Giupponi made a surprise attack for the gallery, but he was caught on the slush-covered descent by seven others, led by the fearless Hampsten. Breukink, in the pink jersey, was still there, but showing the effects of a major bonk. And when Fignon made a darting attack, followed by Hampsten, on the day’s fifth climb, the 24-year-old Dutchman blew up. Over the final 12km Breukink lost almost six minutes, the pink jersey, and the Giro.

Fignon and Hampsten continued to battle side by side up and down the twisting Campolongo climb and descent, drawing clear Giupponi, Zimmermann, Marco Giovannetti (Seur), and Franco Chioccioli (Del Tongo). On the short, steep climb to the line, Giupponi jumped clear to win his first victory in five pro seasons, a few lengths ahead of Fignon and Hampsten. Phil Anderson came in seventh, at 2:23, after some remarkable descending; Roche was at 3:20, and Breukink at 5:51: A shattered Herrera was even further back, although he took over the King of the Mountains jersey from Rominger, who abandoned along with eight others.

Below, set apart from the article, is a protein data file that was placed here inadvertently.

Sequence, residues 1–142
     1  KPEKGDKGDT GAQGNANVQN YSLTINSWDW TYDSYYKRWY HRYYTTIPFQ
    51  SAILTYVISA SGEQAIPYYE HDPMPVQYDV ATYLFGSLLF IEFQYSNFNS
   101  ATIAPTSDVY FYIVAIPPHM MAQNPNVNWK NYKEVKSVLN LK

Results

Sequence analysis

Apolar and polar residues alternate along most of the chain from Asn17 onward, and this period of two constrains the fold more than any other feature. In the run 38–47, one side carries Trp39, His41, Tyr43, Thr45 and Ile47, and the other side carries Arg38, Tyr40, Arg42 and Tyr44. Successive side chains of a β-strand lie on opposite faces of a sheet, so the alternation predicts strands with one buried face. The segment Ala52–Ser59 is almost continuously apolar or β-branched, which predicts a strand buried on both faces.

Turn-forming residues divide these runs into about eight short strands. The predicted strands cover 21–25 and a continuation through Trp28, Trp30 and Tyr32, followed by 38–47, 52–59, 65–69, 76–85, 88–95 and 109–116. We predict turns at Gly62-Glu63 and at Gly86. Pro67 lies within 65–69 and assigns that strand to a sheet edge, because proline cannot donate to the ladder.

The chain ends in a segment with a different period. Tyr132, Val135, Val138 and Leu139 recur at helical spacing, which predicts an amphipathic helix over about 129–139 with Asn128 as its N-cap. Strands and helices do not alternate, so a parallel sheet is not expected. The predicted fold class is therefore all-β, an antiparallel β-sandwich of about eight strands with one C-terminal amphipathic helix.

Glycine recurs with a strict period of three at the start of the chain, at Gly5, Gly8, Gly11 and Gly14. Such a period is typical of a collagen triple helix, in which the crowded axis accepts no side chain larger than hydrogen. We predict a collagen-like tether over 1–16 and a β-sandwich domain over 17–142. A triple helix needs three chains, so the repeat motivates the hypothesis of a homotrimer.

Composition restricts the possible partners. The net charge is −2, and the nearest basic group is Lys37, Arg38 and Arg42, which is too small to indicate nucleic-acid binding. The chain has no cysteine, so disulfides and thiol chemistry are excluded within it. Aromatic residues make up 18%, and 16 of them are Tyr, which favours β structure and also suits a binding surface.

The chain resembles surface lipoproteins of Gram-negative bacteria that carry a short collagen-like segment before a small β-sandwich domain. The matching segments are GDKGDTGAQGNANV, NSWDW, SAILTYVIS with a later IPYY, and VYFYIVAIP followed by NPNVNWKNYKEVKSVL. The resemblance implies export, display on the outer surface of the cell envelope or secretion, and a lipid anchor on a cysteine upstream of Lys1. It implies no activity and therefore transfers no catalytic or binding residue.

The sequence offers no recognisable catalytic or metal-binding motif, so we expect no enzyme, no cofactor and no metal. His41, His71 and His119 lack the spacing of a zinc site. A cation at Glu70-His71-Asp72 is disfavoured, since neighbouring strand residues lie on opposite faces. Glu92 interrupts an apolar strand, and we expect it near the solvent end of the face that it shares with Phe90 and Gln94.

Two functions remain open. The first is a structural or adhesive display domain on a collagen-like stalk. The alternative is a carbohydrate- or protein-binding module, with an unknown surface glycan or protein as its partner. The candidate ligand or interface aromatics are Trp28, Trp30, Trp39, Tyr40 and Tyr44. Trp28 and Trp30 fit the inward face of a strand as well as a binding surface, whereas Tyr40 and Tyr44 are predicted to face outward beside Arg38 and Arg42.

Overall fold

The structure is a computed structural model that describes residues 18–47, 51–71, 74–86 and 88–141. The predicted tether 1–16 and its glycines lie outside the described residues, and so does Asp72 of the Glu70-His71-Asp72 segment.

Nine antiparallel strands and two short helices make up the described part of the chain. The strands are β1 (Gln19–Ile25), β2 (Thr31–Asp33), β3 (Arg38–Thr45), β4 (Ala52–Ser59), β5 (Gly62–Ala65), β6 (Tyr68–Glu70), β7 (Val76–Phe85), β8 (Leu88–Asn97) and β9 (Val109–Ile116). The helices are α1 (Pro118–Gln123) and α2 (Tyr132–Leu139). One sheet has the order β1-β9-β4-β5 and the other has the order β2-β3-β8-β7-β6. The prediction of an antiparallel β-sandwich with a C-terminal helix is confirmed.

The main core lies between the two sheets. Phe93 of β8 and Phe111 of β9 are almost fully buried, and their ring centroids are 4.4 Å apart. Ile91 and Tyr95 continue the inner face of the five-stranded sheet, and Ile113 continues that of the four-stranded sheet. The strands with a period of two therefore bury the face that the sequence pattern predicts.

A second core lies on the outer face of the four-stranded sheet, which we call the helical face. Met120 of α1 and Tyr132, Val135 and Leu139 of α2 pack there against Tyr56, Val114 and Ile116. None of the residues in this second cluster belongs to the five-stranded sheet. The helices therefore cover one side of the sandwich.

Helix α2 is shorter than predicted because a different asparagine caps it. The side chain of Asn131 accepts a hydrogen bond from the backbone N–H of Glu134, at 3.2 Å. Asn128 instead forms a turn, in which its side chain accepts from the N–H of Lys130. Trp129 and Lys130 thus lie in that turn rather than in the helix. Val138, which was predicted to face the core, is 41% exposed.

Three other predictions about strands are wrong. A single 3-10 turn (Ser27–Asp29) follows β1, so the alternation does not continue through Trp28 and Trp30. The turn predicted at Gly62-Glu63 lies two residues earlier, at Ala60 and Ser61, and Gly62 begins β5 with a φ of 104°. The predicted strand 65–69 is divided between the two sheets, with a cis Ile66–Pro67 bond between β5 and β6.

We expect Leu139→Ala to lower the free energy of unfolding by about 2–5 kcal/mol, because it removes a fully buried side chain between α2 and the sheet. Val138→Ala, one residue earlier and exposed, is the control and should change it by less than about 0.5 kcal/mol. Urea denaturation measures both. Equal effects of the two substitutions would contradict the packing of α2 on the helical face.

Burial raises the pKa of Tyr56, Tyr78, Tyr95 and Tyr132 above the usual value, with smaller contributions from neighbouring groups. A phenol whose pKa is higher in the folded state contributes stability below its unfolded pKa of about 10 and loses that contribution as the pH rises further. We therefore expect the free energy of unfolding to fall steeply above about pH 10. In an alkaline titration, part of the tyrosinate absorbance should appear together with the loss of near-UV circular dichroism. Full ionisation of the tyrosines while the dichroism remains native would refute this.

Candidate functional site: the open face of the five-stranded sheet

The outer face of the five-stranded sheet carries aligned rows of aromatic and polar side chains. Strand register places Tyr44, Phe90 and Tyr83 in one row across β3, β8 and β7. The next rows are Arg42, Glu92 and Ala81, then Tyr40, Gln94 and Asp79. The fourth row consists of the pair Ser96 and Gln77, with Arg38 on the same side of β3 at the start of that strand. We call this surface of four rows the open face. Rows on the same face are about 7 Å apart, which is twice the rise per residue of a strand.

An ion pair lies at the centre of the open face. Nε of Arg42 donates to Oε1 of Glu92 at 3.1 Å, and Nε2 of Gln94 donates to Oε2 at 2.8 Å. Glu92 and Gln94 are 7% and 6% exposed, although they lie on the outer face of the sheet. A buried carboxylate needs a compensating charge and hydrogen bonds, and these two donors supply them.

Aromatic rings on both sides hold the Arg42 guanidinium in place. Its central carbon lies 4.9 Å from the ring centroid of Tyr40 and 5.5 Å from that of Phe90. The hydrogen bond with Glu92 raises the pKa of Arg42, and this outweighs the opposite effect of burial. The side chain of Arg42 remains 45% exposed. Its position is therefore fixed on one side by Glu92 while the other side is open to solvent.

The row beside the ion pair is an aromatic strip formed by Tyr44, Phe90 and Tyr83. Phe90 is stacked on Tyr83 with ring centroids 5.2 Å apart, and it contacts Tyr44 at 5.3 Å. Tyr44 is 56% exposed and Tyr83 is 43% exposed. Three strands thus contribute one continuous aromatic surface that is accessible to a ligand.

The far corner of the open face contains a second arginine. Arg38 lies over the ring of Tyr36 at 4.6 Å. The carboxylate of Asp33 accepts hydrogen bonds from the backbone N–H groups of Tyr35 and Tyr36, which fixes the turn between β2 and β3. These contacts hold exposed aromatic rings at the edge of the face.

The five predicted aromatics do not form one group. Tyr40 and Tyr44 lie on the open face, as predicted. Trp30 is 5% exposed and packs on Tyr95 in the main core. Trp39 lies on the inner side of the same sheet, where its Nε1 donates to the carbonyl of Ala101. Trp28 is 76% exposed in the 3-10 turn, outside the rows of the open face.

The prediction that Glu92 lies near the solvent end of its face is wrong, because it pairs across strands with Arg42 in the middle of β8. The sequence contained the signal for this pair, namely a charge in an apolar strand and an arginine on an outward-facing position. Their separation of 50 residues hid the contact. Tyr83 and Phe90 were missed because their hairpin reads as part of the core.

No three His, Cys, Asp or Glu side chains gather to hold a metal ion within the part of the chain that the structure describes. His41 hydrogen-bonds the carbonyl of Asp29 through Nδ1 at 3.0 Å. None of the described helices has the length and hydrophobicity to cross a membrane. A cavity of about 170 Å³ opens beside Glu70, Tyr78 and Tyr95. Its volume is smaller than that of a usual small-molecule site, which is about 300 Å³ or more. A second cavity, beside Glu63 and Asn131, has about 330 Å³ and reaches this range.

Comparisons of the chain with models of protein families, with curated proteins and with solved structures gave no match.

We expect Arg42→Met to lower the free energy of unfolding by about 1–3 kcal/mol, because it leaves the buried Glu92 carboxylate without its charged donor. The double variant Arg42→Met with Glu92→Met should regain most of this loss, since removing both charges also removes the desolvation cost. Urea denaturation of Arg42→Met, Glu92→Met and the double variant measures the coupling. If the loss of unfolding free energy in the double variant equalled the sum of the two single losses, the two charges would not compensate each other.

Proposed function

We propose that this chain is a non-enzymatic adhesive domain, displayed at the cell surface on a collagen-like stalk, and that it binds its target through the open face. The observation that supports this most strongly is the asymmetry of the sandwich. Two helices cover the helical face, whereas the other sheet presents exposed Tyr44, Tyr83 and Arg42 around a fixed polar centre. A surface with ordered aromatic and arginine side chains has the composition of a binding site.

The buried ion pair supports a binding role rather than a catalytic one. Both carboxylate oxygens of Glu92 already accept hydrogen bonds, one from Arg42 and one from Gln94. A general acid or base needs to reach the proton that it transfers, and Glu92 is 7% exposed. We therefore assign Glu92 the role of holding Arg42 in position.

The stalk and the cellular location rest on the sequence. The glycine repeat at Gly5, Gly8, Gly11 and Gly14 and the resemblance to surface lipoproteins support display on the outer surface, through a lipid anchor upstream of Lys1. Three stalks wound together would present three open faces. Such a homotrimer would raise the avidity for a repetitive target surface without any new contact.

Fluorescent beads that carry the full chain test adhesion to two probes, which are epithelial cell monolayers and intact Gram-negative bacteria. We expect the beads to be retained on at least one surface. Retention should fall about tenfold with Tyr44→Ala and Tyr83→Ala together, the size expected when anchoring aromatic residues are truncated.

A tired, but radiant Fignon, showing his best form since his winning the 1984 Tour de France, took over the pink jersey, with Giupponi in second, and Hampsten now up to third. Without those two minutes lost in Sicily, the American would have been in second, just 5 seconds down on Fignon — and with his expected bid on the Gavia still to come. But his challenge would have to wait another day.

During the first two weeks of racing, Hampsten lost three teammates: Yates, who retired from fatigue after his crash injuries; Davis Phinney, with a swollen knee; and Veggerby, with ankle tendinitis. All three were hoping to be healed and rested for the Tour de France — which remains Hampsten’s chief goal of the season.